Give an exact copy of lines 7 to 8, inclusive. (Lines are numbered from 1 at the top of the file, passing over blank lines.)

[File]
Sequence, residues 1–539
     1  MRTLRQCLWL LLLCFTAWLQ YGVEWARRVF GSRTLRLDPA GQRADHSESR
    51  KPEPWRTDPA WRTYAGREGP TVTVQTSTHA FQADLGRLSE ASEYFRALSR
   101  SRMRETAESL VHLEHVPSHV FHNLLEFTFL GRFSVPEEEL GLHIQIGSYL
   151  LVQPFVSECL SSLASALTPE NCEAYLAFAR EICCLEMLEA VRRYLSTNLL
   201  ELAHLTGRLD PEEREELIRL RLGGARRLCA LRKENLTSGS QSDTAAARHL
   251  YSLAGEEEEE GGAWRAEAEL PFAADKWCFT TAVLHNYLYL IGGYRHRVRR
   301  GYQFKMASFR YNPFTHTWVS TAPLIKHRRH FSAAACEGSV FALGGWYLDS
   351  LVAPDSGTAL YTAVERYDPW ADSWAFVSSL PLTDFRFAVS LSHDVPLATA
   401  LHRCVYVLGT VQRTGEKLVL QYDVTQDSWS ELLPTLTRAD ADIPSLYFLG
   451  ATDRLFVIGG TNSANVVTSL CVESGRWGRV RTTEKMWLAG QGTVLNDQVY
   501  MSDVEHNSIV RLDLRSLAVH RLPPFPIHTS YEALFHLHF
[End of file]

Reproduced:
   251  YSLAGEEEEE GGAWRAEAEL PFAADKWCFT TAVLHNYLYL IGGYRHRVRR
   301  GYQFKMASFR YNPFTHTWVS TAPLIKHRRH FSAAACEGSV FALGGWYLDS